puddler - iron worker who produces wrought iron from pig iron (by the process called puddling)
resurrectionist - body snatcher, usually exhuming fresh burials to procure cadavers for dissection
screever - sidewalk artist, who draws pictures on the sidewalk in colored chalk, for donations
whitesmith - tinsmith (as compared with the better-known blacksmith)

        A couple other notes that interest me: 
Many obsolete jobs, thank goodness, are those that were often done by children, such as 
link boy - carries the torch in front of a carriage at night
doffer - exchanges the bobbins, etc, in textile mills
breaker boy - separates impurities from coal
pugger - kneads clay for pottery by treading it
And many of these words that are no longer encountered as professions live on as surnames, such as chandler, fletcher, and fuller, as well as ackerman, hayward, and parnel above.
        I’ve encountered some of these words in literature or history, while others were entirely new to me.  Sure, we no longer need to use them on a daily basis, but it would be a terrible shame to lose them altogether.


[Pictures: woodcut from Ein Schönes Spiel.. von Wilhelm Tell by O. Schweitzer, 1698 (Image from British Museum);
Of Pride, wood block print from A christall glasse of christian reformation by John Day, 1569 (image from Wikimedia Commons);
The two men drew the corpse gently out of its coffin, engraving from The Mysteries of London by G.W.M. Reynolds, c1843 (Image from Hathi Trust Digital Library);
Link-boys lighting the way, from The Illustrated London News, Volume 10, 1847 (Image from Wellcome Library).]

February 24, 2017

Swimming

        We’re going swimming this morning, so that’s a good enough reason to show you this curious sixteenth century wood block printed instruction manual about swimming.  The book itself, De Arte Natandi by Everard Digby, was the first English instruction manual on swimming and was very influential.  It includes a guide to different strokes and methods of floating as well as attention to matters of safety.  It also includes copious woodcut illustrations.       
        Unfortunately, though not unexpectedly, I can’t find any record of the artist who illustrated Digby’s work.  But whoever he (or she, but probably he) was, he came up with a clever method of making the more than 40 illustrations all large and beautiful without having to go through all the trouble of carving more than 40 different scenes.  There are five different large blocks showing detailed landscapes of rivers, but each of these blocks was made with a rectangular hole in the middle.  Each of the different strokes or swimming techniques could then be carved on a small block and inserted into one of the landscape blocks for printing.  Some of the blocks fit in more smoothly than others, but I think it’s a very clever system.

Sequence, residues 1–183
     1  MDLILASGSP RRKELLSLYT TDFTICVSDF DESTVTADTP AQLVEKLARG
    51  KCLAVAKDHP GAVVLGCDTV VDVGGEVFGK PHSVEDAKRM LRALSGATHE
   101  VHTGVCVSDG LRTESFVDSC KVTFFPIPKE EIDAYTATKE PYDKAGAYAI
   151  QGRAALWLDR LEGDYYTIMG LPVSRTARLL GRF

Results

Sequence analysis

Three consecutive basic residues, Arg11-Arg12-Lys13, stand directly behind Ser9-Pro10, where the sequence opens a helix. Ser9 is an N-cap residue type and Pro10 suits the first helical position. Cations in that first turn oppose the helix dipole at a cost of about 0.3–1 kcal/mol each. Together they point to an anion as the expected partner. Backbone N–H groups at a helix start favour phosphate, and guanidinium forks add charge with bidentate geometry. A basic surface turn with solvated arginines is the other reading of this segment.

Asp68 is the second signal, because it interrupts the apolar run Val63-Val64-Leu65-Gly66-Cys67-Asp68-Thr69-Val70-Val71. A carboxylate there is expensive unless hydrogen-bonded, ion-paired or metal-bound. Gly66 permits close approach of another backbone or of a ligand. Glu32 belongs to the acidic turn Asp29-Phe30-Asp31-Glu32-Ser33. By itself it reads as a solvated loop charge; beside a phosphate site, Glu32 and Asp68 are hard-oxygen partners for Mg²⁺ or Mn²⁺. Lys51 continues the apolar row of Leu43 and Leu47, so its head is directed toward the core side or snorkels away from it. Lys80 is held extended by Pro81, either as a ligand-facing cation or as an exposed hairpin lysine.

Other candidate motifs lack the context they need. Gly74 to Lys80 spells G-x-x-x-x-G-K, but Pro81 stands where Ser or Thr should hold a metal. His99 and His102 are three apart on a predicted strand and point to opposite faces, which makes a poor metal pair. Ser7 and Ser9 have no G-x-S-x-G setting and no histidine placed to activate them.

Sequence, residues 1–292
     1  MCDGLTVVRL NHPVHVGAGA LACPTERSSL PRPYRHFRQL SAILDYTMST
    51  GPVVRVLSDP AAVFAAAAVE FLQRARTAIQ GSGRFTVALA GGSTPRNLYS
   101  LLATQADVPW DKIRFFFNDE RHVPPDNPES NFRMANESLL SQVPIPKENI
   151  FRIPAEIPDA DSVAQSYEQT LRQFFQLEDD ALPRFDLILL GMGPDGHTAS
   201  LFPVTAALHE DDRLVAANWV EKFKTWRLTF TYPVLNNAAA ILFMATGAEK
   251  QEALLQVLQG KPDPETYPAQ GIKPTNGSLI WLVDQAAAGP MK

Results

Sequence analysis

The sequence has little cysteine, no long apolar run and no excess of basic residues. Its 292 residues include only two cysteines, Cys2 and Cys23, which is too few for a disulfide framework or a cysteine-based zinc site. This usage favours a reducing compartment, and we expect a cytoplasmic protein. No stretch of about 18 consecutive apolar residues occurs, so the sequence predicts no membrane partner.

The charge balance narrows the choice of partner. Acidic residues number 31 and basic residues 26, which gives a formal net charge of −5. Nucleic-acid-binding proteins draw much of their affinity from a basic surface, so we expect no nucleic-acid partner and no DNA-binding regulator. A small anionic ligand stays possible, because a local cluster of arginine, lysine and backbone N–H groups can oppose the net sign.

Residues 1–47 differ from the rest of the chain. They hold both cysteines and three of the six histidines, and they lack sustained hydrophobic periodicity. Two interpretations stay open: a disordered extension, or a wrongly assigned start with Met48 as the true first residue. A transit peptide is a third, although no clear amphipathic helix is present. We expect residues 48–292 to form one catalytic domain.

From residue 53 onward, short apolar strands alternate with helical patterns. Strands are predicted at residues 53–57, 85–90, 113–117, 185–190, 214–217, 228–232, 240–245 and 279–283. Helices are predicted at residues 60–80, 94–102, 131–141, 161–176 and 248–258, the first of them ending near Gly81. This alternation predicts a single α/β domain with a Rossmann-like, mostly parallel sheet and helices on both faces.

This first background block has some cows by the riverside, and a man who looks as if he’s about to fall into the water accidentally, but I’m most intrigued by the swimmer on his smaller separate block.  At first I thought he was holding two birds, but now I think it’s a hawk and something else, though what I can’t tell.  A lure, perhaps?  Whatever it is, is Digby
providing instruction for falconry while swimming?  It seems an odd and amusing choice.
        Here are two illustrations that use the same background so you can see how the artist could  make a variety of swimming poses fit into his framework.  I like the house in the background, and the man in the lower left getting undressed, or possibly putting his sock back on; I’m not sure which.  An Elizabethan gentleman had an awful lot of clothing to get off and on in order to go swimming.
        And one last scene, with the river going horizontally, a charming windmill on the hill, and a magnificent sunshine.  Although it’s unseasonably warm here today, we will not be swimming under New England’s February sun, but will be indoors.  And we’ll be playing with balls and pool noodles rather than hawks.  Still, no doubt we owe something to Everard Digby and his ingenious illustrator for their influence on the Art of Swimming.




[Pictures: Four wood block print illustrations from De arte natandi libri duo by Everard Digby, 1587 (Images from Wellcome Library).]